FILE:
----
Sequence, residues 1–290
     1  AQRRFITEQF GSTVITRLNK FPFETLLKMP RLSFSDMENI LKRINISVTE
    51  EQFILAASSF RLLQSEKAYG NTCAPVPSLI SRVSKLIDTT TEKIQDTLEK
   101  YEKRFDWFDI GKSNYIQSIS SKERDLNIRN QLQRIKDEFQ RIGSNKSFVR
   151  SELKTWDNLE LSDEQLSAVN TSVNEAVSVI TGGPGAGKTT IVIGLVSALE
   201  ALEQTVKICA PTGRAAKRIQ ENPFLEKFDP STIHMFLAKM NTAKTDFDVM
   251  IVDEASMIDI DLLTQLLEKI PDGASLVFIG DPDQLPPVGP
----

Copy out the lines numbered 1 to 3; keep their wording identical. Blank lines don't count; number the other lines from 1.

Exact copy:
Sequence, residues 1–290
     1  AQRRFITEQF GSTVITRLNK FPFETLLKMP RLSFSDMENI LKRINISVTE
    51  EQFILAASSF RLLQSEKAYG NTCAPVPSLI SRVSKLIDTT TEKIQDTLEK